Doom, Gloom, and Glory

This post is a little different. I was invited to preach a sermon at my incredible church. What follows is the full text I spoke this morning. 

When Father Joe first asked me if I would ever like to preach a sermon, I thought we were speaking hypothetically. Then I got an email that said, “How about November 19th?”

I was thrilled. You see, when I was a good, young Catholic girl studying theology at Notre Dame in the 80s, my classmates were mostly men who were preparing for seminary. That wasn’t a path that was open to me. Even as a kid in Catholic grade school, I knew that. Every year some visiting priest would come and hand out pink and blue plastic rosaries and tell us to pray for vocations (pink nun vocations for the girls, blue priestly vocations for the boys.)  Even then I thought that being a priest and having one of those blue vocations might be pretty cool, but I had no interest in spending my life living in a convent with a bunch of women wearing the same boring clothes and sensible shoes every day. (I like shoes.) I had nothing against the nuns who were my teachers, but I prayed every single year not to have a vocation.

God heard my prayer, so I’ve spent my church life sitting in a pew or singing in a choir. Which is all to say I am grateful for and humbled by this opportunity.

Then I read the scriptures for today. I wondered if the 26th Sunday after Pentecost is one of those Sundays that seasoned priests know to give away.

Think about it. The first words we heard today were “Be silent before the Lord God.”  You can see my dilemma. I decided to ignore the warning of the prophet and speak anyway, and we all know how that usually turns out. You can decide in a few moments if I should have just taken Zephaniah’s advice.

From that point, things only got worse. Zephaniah warns us that the day of the Lord is coming, and it’s not going to be pretty. It will be a time of “ruin and devastation, a day of darkness and gloom, a day of clouds and thick darkness.”

I can’t tell you how many conversations I’ve had over the past year, over the past few months, that began with one person saying something like, “It’s all too much,” or “I just can’t take any more.”

Of course, I don’t have to tell you how many of those conversations I’ve had. We have all been having them. The daily litany of suffering and sadness has been overwhelming. White supremacists are marching in the streets and getting jobs in the White House. Hurricanes are drowning cities. Earthquakes are toppling buildings and burying people alive. Madmen are murdering men and women and children while they pray or make music or ride their bicycles. Surely we are right now living in Zephaniah’s time of “ruin and devastation.” Surely these are “day[s] of darkness and gloom.”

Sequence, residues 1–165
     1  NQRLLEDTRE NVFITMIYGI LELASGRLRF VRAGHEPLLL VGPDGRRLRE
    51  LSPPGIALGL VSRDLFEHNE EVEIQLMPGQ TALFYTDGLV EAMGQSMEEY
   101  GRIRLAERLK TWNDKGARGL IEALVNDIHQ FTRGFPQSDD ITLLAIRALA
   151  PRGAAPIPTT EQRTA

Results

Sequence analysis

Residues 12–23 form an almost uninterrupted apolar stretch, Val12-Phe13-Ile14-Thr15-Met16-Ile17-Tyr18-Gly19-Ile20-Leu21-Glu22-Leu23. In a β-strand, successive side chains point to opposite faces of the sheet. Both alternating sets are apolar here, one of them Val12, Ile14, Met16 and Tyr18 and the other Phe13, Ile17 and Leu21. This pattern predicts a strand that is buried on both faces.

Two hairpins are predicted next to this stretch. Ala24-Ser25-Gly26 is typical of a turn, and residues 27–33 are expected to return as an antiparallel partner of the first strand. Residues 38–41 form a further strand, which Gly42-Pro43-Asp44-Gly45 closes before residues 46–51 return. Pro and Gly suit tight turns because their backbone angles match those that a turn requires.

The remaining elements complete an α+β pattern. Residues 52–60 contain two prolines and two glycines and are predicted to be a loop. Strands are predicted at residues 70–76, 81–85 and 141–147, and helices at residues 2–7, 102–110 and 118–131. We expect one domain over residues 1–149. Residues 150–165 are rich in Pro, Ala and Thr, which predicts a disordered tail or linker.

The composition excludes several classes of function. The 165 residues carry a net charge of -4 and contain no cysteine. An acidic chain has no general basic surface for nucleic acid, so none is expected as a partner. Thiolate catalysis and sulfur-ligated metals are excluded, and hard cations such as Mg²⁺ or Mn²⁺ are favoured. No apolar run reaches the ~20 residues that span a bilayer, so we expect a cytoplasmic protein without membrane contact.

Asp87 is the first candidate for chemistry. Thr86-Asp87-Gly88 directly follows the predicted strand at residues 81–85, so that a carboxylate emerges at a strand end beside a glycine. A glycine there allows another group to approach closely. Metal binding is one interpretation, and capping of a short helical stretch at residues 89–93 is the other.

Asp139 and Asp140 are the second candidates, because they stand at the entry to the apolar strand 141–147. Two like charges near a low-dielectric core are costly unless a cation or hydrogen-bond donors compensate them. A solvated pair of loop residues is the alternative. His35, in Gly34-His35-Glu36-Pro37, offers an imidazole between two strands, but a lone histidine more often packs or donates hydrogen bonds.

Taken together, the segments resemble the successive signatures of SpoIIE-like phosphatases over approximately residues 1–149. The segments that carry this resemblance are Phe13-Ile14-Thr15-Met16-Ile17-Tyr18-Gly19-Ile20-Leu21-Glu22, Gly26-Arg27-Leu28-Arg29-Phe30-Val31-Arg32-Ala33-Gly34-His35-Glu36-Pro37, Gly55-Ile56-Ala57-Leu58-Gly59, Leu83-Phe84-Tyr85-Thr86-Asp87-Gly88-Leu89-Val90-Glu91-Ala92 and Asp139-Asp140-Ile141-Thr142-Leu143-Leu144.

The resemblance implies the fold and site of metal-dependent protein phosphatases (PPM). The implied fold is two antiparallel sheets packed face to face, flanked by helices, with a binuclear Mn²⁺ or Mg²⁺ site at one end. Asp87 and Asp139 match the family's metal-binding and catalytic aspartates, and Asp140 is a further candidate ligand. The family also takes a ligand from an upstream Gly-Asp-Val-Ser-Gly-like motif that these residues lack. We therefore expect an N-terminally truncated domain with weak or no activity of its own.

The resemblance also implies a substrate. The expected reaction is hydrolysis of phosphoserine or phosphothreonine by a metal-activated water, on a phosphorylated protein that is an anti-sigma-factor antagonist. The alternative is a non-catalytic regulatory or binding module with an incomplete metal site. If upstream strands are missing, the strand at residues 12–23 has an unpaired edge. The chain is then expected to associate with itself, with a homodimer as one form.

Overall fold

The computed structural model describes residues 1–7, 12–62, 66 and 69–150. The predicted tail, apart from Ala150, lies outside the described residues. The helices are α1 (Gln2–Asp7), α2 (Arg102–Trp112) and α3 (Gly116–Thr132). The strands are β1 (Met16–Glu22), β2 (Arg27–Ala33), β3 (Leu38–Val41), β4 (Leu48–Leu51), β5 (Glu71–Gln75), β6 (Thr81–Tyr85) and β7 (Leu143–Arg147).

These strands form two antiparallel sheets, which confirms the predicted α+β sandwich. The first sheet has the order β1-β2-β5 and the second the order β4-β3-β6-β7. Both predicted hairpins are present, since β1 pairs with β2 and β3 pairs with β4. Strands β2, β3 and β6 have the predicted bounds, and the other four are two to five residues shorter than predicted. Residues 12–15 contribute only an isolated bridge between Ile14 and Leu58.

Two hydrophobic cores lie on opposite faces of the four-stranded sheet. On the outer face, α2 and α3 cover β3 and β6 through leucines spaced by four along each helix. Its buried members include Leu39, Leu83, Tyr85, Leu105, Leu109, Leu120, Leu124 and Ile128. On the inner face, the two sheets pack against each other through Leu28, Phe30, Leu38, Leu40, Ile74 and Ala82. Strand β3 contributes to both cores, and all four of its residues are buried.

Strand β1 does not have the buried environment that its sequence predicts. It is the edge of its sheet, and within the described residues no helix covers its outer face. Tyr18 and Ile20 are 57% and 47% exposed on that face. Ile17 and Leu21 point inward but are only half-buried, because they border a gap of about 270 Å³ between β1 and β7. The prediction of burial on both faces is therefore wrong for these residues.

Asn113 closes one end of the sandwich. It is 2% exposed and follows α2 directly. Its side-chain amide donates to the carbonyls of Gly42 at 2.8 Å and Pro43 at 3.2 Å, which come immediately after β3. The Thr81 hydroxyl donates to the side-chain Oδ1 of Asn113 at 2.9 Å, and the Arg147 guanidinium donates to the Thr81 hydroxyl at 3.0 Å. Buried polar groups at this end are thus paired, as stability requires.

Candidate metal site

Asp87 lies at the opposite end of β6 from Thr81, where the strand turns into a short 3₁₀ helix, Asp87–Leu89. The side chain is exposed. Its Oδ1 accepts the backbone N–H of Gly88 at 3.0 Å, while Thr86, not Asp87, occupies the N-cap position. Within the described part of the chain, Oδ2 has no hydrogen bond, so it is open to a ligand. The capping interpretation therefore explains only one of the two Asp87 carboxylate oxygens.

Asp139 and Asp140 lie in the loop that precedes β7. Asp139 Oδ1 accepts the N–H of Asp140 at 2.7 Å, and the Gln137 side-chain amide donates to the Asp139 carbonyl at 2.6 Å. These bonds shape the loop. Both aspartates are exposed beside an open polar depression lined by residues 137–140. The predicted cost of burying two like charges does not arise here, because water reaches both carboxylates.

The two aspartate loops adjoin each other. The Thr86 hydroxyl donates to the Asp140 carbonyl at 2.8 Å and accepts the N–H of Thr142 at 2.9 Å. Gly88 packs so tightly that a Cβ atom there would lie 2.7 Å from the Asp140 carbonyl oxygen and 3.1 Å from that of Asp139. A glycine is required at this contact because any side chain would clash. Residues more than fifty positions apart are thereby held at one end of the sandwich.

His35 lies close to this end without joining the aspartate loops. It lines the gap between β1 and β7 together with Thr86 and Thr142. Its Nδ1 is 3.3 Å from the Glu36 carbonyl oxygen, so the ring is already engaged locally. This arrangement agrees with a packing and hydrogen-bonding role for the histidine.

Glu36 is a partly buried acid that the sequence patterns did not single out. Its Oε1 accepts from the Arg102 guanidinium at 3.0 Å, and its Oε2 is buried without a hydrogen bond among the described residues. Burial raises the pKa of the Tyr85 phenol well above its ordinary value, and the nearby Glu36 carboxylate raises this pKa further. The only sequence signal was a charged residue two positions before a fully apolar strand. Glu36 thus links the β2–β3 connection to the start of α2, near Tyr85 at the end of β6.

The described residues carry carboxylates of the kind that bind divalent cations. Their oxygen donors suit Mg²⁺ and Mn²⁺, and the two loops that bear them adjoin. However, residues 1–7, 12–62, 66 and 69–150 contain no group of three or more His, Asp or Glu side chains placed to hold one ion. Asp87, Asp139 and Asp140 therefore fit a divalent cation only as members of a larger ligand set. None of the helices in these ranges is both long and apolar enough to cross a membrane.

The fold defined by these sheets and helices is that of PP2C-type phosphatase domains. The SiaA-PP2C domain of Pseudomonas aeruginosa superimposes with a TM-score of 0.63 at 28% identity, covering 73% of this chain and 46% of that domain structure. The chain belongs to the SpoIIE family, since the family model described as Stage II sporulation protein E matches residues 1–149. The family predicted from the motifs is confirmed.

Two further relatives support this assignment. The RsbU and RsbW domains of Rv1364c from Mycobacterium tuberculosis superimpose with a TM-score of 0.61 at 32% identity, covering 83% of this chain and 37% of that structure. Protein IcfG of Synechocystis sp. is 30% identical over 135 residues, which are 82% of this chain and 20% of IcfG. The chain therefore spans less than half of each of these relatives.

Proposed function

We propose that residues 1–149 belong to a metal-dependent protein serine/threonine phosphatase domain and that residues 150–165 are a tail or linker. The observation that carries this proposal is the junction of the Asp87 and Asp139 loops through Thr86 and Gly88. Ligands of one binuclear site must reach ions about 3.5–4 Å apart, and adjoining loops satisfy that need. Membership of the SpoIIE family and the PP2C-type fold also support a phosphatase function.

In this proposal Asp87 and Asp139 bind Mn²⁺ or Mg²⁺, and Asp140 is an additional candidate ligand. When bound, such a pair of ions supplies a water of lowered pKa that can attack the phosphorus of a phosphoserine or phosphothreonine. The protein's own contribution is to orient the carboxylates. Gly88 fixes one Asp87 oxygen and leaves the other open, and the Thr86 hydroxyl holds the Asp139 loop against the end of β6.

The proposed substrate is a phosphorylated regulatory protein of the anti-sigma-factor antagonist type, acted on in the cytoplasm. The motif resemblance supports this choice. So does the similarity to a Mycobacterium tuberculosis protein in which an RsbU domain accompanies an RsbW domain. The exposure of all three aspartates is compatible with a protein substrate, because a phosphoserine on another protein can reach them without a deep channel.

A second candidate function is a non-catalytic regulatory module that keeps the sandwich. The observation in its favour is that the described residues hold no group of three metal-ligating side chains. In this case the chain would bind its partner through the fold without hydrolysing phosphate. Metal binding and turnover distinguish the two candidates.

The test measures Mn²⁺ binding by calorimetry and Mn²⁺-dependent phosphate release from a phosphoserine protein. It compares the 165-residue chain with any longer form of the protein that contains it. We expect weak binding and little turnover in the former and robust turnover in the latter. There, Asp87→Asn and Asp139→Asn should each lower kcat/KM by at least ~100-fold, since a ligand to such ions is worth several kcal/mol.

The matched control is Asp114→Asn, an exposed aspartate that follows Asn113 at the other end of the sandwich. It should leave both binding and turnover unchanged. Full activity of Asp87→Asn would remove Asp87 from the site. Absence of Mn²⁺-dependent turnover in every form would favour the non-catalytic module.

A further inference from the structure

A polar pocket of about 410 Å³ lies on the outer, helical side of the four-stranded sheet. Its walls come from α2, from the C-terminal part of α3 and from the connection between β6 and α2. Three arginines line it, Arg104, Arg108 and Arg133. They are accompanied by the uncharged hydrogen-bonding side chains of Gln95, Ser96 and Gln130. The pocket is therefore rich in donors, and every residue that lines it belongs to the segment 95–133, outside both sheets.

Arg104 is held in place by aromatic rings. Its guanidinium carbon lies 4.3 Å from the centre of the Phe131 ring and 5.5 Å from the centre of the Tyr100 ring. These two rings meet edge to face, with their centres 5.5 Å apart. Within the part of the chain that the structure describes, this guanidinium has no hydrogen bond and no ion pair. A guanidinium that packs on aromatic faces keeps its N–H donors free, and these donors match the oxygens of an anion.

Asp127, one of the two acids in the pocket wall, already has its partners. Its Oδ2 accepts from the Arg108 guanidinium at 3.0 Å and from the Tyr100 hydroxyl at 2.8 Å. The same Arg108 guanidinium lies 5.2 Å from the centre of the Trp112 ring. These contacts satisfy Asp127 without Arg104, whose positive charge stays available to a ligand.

Who wants to preach about that?

I turned my attention to the gospel, to the good old parable of the talents. I was thinking, “Ok, I’ve got this. Don’t hide your light under a bushel”, “be a good steward,“ and all that, but then I read the story. Then I read it a few more times. Then I read the chapters before and after it.

I can’t stand this story.

We all just heard it. The master goes away, having entrusted three slaves with some “talents” [read money]. The “good” slaves go off and, being fine, upstanding capitalists double their master’s money. On his return, the master is delighted with their work. Let’s look at what he says. “Well done, good and trustworthy slave; you have been trustworthy in a few things, I will put you in charge of many things.”

This might be a good time to pause for a moment and figure out whose side we’re on.

I’m pretty sure I’m supposed to think the master is the good guy. The problem is, I don’t.

Let’s imagine the scene from the perspective of the slaves who please him. In the “long time” the master has been away, you’ve doubled his money. You are feeling pretty pleased with yourself. You’ve had a chance to imagine what he’ll do with all that money when he returns. Think about it for a second.

I bet at least some of us were thinking that the master would give us some of that money. Maybe toss us a shekel or two for our efforts. But that’s not what happens. The master says, “You have been trustworthy in a few things, I will put you in charge of many things.” In other words, you’ve done good work, so I’m going to give you—wait for it–more work. Most of us have probably experienced this same phenomenon at some point in our own careers. As a teacher, it happens to me all the time. I think waiters refer to it as the “verbal tip.”

But, let’s get back to the story. Perhaps the master sees the fallen faces of the slaves when they realize he isn’t planning to share, so he magnanimously invites them to “enter into his joy.” They don’t even get to have their own joy.

To be fair, I probably wouldn’t have had that reaction to the master if it weren’t for the way he treats the final “wicked and lazy slave.” This character comes on the scene and speaks truth to power. “Master,” he says, “I knew that you were a harsh man, reaping where you did not sow, and gathering where you did not scatter seed; so I was afraid, and I went and hid your talent in the ground.”